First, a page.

clogged keg

Discussion in 'General Brewing Discussions' started by jimmyz, Nov 5, 2017.

  1. jimmyz

    jimmyz Member

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    Racked a rye beer into my keg threw it into the fridge and tapped it 24 hours later and i got to much trub in there. Its clogged. Any suggestions to purge the gunk?
     
  2. jeffpn

    jeffpn Well-Known Member

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    If you keep a fish tank, you know what goes on with a gravel cleaner. Suck it out! To save OMB some time from posting, cut your dip tube an inch shorter. :D
     
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  3. J A

    J A Well-Known Member

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    Trub by itself won't usually clog the tube. You may have other issues. One thing to check for is icing up. Fridges are designed to move cold air from the freezer and when you make the alterations necessary for storing kegs, it can cause cold spots It doesn't have to be frozen solid, by any means...all it takes is a few ice crystals in the line to clog up.
    In future, rack off the top of the trub after the yeast as settled out. You should be doing everything possible to get nothing but clear beer into your serving keg.
     
  4. Head First

    Head First Well-Known Member

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    +1 shorten dip tube.You might pull it and clean it and if it is just a few hop pieces it will clean out. If there are lots of pieces of hops then shorten dip tube. It will be clogged at end of tube or in poppet valve or both.
     
  5. Ozarks Mountain Brew

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    to clean it in place switch the gas and beer ball lock disconnects adding C02 pressure to the liquid line and blow it out but caution it will cloud up the beer
     
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  6. Mark D Pirate

    Mark D Pirate Well-Known Member

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    You'll need to open the pressure release valve as well for this to work , mine seldom get blocked since I'm extremely careful to only take clean beer into kegs .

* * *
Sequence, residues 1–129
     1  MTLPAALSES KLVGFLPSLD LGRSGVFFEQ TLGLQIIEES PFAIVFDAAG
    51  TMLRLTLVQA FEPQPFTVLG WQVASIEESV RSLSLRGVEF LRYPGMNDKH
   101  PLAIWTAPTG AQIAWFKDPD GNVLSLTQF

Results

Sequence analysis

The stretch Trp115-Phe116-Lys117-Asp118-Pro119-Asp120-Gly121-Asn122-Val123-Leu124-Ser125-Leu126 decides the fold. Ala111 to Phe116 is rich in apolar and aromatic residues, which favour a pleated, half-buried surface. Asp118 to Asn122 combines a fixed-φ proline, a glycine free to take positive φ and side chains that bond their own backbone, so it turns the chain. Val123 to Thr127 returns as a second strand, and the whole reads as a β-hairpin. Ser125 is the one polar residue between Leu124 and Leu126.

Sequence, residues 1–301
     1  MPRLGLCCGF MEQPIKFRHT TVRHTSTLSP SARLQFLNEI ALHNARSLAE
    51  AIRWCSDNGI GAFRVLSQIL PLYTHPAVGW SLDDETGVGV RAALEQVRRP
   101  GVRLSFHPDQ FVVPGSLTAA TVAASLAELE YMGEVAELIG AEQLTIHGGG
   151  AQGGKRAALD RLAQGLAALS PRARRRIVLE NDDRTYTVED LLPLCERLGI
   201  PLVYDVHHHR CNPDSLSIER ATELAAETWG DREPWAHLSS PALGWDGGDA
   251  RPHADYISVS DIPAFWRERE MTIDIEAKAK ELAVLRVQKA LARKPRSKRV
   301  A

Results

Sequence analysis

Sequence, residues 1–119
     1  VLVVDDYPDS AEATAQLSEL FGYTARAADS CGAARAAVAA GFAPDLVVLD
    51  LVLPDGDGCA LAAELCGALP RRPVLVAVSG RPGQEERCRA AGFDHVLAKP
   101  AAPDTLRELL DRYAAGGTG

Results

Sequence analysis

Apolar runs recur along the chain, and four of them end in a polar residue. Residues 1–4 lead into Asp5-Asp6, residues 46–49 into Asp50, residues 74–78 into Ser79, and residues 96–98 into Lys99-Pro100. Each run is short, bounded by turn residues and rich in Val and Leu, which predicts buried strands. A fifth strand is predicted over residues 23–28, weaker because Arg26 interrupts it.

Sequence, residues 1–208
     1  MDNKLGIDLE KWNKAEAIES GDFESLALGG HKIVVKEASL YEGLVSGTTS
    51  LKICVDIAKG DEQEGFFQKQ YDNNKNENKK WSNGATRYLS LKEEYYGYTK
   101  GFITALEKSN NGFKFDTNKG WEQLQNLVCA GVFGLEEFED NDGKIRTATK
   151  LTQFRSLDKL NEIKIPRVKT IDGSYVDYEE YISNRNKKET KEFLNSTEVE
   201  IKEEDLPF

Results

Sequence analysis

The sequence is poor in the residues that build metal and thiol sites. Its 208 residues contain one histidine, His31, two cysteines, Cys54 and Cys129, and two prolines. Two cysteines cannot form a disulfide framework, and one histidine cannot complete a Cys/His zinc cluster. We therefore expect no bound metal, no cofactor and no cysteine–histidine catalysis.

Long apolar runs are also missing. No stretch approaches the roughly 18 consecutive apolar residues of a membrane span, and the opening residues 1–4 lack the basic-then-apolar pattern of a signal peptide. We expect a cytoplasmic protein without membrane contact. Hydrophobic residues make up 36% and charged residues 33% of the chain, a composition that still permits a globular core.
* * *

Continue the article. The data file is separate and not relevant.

I have a separate line with liquid disconnect outside of fridge for purging kegs
     
  7. jimmyz

    jimmyz Member

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    I cleaned the dip tube and re assembled and it clogged instantly. Ripped back apart removed the quick connect fitting from the out feed side and put pressure back on it to purge the crap. I did this in the backyard. trimmed the pickup tube and reassembled. All good now. There is a lot of hop debris. May bee i should start filtering.
     
  8. Head First

    Head First Well-Known Member

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    Don't know your set up but I tie a sanitized hop bag to the end of the hose from boil kettle to fermenter and drain slowly. I use a lot of whole hops and just by stiring a short whirlpool, letting it settle a bit then draining slowly it keeps hops out of fermenter. A good chill for at least 24hrs after fermentation settles the trub from fermenter and if the racking cane is held above the gunk when transferring to keg you will be fine.
     
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  9. Head First

    Head First Well-Known Member

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    If you don't have frig space then maybe freezer space for fermenter? A couple of hours, need to watch it so it doesen't freeze, will help settle the trub and help for quicker carbing.
     
  10. J A

    J A Well-Known Member

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    Yeah...you gotta keep the hop sludge out of there. When I dry-hop a beer, I try to do it while there's still some fermentation action so that the yeast will glom onto the hops and take it down when it drops. It's usually pretty good, but I give it a good cold-crash and tend to leave more in the fermenter when I transfer a batch like that.
     

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